Maria Ioannou on SCORE: “We’re working to make a complex tool easy to use”

As we continue to support a number of initiatives that work towards engaging more people in the peace process, we want to introduce you an innovative tool in progress: SCORE, a tool to measure the closeness between communities in Cyprus. This week, we are talking to Maria Ioannou to find more about herself, her team and personal efforts at SCORE.

MIoannouHi Maria, thanks for talking to us today. Can you tell us a little bit about yourself?

I am a social psychologist. I got my DPhil in Social Psychology a year ago in the UK. Since then I have relocated back in Cyprus. Academically I’m interested in intergroup contact, prejudice reduction, and conflict resolution; personally I’m also interested in more clinical aspects of psychology, as well as a in exploring new places both within and outside Cyprus, and meeting people from all walks of life.

How did you get involved with SCORE? Can you tell us a little bit about what you do?

imageI was introduced to SCORE when I was hired as a senior researcher at the Centre for Sustainable Peace and Democratic Development (SeeD). I am basically the person behind the data analysis for SCORE.

What is SCORE attempting to do?

SCORE is basically a tool to measure Social Cohesion and Reconciliation (hence the acronym).

Through SCORE, we are hoping to be able to provide information how warm or cold relations are between various groups. We also aim to identify what kind of factors are affecting people’s willingness for a political compromise.

What excites you most about SCORE? 

In Cyprus, SeeD is about to launch an outreach campaign to communicate SCORE’s results to a number of important actors but also to the general public. I think that it is the latter that excites me the most about SCORE; that its findings can be shared and discussed with the general public.

Maria works with the SeeD team. The SeeD offices are located at the Home 4 Cooperation in the Buffer Zone.

What are some of the findings you can share with us today?

One of our key findings is that young people feel left out from decision-making. And when people feel left out, guess what happens? They become less willing for a political compromise with the other community.

Another interesting finding for me is that women particularly in the Greek Cypriot community are particularly resistant to coexistence and to a political compromise. Results such as this are suggesting that there are certain segments of the population that are most vulnerable so to speak. It is my opinion that SCORE results should be communicated primarily to these groups, not least to understand the findings but also to provide the floor to these groups to speak up and to discuss.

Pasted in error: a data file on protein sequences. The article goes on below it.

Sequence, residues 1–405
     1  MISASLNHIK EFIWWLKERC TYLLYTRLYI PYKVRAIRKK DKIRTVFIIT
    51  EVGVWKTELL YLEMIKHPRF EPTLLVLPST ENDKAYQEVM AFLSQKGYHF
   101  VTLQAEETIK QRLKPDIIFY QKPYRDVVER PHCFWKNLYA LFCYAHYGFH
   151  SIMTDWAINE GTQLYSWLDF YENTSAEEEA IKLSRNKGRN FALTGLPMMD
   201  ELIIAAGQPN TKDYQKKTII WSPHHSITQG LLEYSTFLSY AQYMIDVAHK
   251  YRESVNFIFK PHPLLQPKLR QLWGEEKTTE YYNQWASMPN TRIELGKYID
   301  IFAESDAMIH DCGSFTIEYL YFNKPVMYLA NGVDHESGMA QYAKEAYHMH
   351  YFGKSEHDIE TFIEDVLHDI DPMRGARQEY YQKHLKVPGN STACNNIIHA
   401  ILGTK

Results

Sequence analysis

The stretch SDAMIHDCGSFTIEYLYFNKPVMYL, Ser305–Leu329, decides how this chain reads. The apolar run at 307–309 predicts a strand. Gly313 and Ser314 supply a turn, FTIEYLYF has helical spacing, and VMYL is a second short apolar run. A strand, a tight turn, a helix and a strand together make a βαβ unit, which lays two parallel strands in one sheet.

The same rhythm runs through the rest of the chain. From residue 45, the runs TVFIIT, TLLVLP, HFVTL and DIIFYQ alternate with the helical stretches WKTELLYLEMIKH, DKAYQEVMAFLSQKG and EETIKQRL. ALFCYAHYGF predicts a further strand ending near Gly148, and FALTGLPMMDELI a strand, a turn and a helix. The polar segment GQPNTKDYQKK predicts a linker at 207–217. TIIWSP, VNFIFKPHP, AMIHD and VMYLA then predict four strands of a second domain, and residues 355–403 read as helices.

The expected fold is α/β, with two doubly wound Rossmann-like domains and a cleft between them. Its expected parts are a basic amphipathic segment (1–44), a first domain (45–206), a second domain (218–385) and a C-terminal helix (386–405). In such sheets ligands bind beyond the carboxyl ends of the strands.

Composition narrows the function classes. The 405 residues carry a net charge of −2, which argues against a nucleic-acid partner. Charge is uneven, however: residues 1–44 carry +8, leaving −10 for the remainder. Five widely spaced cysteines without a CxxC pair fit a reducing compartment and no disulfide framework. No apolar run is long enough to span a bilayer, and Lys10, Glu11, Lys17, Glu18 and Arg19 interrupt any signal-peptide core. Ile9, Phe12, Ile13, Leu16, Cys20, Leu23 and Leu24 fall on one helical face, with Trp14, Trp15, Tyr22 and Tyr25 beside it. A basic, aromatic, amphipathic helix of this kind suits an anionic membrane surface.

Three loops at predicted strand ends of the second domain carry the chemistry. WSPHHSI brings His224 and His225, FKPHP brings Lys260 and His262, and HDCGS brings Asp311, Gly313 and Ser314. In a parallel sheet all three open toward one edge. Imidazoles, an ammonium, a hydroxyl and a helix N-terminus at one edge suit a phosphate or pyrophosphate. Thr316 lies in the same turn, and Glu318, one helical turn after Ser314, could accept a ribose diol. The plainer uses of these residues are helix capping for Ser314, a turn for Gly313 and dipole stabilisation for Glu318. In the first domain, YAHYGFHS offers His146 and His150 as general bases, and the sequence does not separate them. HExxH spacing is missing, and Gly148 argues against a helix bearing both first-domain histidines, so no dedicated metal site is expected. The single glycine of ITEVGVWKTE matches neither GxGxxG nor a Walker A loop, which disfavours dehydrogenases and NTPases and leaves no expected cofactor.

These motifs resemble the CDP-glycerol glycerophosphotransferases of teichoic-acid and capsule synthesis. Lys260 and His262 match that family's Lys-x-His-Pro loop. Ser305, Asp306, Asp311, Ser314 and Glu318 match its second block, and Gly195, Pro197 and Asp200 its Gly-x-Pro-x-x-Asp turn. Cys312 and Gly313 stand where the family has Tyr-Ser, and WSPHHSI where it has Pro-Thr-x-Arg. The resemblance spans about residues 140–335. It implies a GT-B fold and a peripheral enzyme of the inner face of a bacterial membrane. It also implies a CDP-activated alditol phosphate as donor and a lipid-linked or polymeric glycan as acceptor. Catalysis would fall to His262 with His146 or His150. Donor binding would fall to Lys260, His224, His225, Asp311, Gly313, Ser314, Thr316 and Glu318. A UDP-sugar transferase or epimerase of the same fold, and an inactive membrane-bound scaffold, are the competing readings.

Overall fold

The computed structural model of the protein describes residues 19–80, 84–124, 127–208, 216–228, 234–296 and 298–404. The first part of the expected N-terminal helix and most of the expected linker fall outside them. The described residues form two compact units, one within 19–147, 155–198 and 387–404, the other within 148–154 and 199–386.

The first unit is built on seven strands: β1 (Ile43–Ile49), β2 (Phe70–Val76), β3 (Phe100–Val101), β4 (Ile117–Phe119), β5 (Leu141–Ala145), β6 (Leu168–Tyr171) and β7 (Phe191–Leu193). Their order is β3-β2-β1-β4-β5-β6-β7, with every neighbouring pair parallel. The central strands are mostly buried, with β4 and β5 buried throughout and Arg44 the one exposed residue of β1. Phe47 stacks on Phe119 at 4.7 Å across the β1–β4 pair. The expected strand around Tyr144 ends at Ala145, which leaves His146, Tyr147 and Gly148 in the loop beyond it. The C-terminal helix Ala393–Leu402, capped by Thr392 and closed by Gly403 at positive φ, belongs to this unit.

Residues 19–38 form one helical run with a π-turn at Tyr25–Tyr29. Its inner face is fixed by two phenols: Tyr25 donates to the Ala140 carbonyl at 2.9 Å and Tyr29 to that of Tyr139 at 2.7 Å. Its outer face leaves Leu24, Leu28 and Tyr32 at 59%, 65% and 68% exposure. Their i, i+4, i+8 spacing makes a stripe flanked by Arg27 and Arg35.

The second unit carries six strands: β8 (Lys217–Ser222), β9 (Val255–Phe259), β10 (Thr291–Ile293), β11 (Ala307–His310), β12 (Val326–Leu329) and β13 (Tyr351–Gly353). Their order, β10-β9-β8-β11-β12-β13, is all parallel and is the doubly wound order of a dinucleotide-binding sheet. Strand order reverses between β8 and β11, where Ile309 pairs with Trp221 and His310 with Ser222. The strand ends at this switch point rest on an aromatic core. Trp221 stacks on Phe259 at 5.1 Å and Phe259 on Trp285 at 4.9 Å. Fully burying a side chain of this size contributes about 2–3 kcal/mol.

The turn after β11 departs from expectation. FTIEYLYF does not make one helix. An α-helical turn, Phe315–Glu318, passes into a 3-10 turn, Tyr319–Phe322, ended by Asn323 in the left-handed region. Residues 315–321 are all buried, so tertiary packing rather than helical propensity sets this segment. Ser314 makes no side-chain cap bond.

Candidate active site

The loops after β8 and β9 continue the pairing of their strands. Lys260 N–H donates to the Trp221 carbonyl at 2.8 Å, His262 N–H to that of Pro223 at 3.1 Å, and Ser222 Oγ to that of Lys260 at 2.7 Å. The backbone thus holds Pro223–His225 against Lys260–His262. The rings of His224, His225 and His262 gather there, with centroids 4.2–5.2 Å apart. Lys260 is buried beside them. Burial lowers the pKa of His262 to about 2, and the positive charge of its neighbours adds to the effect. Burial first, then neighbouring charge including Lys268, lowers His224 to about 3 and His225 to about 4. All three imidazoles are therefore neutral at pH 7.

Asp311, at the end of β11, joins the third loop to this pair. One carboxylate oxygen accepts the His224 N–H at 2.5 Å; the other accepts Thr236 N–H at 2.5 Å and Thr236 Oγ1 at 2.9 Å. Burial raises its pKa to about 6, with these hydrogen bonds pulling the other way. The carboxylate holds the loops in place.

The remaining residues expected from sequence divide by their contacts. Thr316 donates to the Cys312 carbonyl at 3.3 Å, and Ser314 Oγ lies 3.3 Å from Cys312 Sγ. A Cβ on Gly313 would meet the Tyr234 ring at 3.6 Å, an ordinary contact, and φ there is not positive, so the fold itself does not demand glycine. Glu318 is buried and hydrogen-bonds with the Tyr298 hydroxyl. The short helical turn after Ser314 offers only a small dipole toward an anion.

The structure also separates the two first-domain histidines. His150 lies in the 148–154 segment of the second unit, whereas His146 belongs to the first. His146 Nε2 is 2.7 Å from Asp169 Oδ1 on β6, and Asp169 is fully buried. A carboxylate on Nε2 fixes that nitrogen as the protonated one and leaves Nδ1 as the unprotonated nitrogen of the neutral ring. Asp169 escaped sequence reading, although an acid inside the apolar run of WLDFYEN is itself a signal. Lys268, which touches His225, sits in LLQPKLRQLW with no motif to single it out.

What is your proudest accomplishment with SCORE?

People who are more acquainted with SCORE talk about a very complex tool whose usefulness they can see but whose essence they can’t quite grasp. When I entered the SCORE team I realized myself that SCORE was indeed a complex tool and that the analysis of SCORE data was quite a handful. After some intense work with the data, I can say we are now at a place to present key findings which are straightforward, thought-provoking, and right in the heart of the peace process.

We are also excited to be rolling out this tool in Bosnia and Nepal. The lessons we are learning through using this tool in Cyprus will be applicable in those countries. We have already collected data in Bosnia in 2014. Data collection in Nepal will take place in 2015.

How can interested people get involved in/engage with/explore SCORE?

There is going to be a number of events taking place in the next few months in Cyprus, to present and generate discussion on the findings. One event will be bi-communal and the other four mono-communal (two on each side of the divide). People who don’t attend these events (or even those who do) should keep an eye on media. SCORE will also have its own Facebook and Twitter account soon.

Finally, we are working to establish a platform through which everyone can interact with SCORE and its findings (SCORE Bosnia 2014, SCORE Cyprus 2013, and SCORE Cyprus 2014). We want it to be easy to consume and very accessible, so our work is about how best to visualize the data.

We also hope to generate lots of discussion, so we are creating a platform where users can leave comments and provide input into the work.

For more information on SCORE, you can check out the Facebook page for Centre for Sustainable Peace and Democratic Development (SeeD).

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